I also had a full, green pepper by then. It was a little bitter, but I was still proud of it.
The sun was already beginning to shift in August, and my yard was becoming shadier in the back. There was still a good amount of sun hitting the plants each day, however. The tomato vines outgrew their stakes, and dozens of tiny, cherry tomatoes began to grow and ripen. I began to pick them by the second week of August and allow them to ripen in my kitchen. They ripened slowly but surely, and I’ve been picking new tomatoes almost everyday since. They have proven to be my most successful plants.
By the end of August, I also had some broccoli growing. They grew in small stalks, but they were greener than any head of broccoli you would ever buy in a store. Their downfall, though, was in the pest department. All of my plants had holes in my leaves so I didn’t expect much success from my broccoli. Something liked them way too much. I bought deer and rabbit spray and sprayed the ground once every few weeks to keep the usual suspects away from my garden, but something was still chewing on the broccoli. However, the heads began to pop up in August, and I had a few nice stalks by the time I returned home from the beach.
After boiling my first heads of broccoli for dinner, I found out what kind of creature had been helping itself to my broccoli. Clinging to the stalks were little, green caterpillars. The boiling water had killed them and turned them yellow, but they were still on there. It’s a queasy feeling to pick the bugs from your food before you eat them and really diminished the fun of eating my own home grown broccoli. Every stalk I have picked of my broccoli required this process. My largest stalk was filled with at least 12 green caterpillars, and I can only hope that I got them all before boiling them, covering them with melted cheese, and digging in.
In September, the sun shifted again, and my vegetable garden was getting less and less sunlight each day. This did not slow the growth of my tomato or pepper plants. I got two more peppers out of my one store bought plant, and my tomatoes were still growing by the dozen.
One plant that was no longer doing well, though, were my pumpkin vines. My most successful pumpkin year was when I planted them around my front wall where they got full sun. I ended up with three small but healthy pumpkins that year, and after the last two years of trying to grow them in the backyard, it’s safe to assume that they belong in the front. Seeing how they were no longer growing, I moved all of the vines through the fence and pointed them in the direction of the front yard to get them the sunlight they required. This appeared to work at first. New flowers bloomed, and tiny pumpkins began to grow. However, some little critter decided that it needed to snack on the flowers, and within a week, any hope of a pumpkin for Halloween had diminished.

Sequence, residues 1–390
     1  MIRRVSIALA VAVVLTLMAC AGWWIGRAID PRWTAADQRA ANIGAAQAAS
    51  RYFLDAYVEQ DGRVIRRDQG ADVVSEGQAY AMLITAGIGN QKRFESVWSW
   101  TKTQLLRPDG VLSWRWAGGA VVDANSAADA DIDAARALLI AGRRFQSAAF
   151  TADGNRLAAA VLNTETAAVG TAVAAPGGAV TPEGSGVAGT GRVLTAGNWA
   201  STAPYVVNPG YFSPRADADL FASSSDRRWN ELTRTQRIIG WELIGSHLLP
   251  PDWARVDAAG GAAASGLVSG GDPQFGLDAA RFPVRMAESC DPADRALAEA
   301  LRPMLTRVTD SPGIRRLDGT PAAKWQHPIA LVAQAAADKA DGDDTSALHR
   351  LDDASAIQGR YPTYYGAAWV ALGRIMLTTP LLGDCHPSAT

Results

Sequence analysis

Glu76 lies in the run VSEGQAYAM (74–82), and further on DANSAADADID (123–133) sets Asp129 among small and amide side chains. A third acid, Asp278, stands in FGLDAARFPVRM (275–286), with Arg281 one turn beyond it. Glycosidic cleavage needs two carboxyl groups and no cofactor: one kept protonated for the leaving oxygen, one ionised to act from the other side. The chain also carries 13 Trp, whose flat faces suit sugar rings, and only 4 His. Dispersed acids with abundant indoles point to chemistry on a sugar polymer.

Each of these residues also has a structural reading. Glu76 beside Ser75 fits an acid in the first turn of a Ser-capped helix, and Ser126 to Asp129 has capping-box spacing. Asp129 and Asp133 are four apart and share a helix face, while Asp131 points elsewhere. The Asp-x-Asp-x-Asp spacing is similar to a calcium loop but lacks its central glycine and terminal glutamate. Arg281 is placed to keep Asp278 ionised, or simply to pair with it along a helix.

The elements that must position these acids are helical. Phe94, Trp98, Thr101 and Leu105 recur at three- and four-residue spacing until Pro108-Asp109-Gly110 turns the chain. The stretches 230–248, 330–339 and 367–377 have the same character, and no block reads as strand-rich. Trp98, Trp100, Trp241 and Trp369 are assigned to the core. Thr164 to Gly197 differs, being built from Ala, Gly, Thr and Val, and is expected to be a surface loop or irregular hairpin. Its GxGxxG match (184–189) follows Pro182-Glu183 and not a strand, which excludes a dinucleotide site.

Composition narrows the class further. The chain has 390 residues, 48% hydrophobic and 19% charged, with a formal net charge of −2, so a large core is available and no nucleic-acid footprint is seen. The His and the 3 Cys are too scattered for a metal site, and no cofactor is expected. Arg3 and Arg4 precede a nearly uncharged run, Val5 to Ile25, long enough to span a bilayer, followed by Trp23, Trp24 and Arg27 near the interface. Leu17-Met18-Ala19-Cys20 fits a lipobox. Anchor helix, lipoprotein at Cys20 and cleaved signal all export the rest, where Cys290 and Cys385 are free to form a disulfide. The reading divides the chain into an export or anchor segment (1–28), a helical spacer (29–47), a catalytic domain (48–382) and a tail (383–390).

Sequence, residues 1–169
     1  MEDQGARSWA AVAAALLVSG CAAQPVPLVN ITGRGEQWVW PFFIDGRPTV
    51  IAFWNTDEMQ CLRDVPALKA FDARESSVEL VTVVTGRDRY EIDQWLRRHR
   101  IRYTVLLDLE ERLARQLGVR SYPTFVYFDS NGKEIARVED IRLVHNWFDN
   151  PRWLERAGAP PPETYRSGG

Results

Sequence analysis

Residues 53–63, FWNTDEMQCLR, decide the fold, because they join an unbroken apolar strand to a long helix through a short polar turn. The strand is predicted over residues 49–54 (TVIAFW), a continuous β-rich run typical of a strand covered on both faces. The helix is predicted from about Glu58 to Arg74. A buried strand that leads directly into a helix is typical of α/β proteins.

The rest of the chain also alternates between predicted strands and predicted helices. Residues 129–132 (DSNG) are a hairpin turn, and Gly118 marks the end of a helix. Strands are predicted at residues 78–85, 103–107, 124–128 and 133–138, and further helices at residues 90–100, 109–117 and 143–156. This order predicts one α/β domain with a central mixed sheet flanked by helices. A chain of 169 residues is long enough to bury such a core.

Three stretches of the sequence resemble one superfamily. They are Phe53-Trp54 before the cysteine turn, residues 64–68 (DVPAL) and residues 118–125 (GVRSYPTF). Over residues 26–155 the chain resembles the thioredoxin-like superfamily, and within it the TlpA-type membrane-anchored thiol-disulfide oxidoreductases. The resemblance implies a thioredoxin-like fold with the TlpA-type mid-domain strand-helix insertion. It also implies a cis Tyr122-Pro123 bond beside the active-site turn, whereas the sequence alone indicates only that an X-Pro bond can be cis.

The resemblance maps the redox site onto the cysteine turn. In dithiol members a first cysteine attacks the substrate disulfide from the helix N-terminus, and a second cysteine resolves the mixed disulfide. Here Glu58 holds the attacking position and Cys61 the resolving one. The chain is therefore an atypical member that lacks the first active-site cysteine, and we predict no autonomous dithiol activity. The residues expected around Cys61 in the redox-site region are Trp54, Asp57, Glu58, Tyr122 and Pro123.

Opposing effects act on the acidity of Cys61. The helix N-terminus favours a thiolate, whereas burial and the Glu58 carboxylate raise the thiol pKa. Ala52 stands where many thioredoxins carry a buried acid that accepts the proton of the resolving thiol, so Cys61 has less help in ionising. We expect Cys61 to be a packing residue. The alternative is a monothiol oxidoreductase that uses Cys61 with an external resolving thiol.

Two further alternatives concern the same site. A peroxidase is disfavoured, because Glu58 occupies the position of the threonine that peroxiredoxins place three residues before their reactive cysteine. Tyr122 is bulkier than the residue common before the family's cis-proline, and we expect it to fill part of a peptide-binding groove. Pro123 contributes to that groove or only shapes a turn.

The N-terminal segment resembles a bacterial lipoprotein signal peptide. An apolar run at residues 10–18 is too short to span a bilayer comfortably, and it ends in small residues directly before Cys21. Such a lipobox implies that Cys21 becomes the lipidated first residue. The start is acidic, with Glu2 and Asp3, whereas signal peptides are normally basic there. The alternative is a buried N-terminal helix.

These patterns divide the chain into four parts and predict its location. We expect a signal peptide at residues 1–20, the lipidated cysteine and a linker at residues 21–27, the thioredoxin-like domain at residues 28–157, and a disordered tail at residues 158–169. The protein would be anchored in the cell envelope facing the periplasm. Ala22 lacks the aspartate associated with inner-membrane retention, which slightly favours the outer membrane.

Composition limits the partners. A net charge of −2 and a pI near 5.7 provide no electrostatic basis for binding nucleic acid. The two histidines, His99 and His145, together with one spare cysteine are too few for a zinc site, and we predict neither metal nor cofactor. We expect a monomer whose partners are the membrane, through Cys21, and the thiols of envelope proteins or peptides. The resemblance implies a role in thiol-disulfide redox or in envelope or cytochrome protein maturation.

The watermelon vines had not done well all year. They grew and grew and flowered tiny yellow flowers, but nothing ever materialized into a watermelon any larger than a pea. After two years with no success, I am out of the watermelon business. The climate is not right, and I don’t appear to have the knack for watermelon growing.
Overall, my first vegetable garden was a success. I should have at least 100 cherry tomatoes to my name by the time the vines whither away, I got three green peppers out of one plant, and the broccoli grew well, despite my having to share it with a litter of caterpillars. I now know that pumpkins need to be planted in full, season-round sun in an area where they can stretch out and grow.
Ultimately, starting seeds indoors is not really necessary when you can just buy decent-sized plants from the store once the threat of frost is over. I don’t feel like I got crops any faster than anyone else in my area, which was my intent in starting the seeds inside.
Next year, I plan to grow full-sized tomatoes, more green peppers, and pumpkins and also try to grow zucchini for the first time. I now know how much space I need to give each plant and have a better understanding of how the sunlight shifts in my yard to ensure that the plants get as much sun as possible. The plant food and banana peels seemed to help the growth of the plants, and I have to find a way to keep the destructive and clingy bugs away and keep the tomato plants from growing out of control.
When starting a vegetable garden, I don’t think it’s as important to know the tricks of gardening rather than understanding how the climate works in your area. You need to know the best time to start planting, the way the sun shifts throughout the season, how much rain your area typically receives, and what kinds of crops grow best in your climate.
Do you have a vegetable garden? If so, share your gardening stories in the comments below!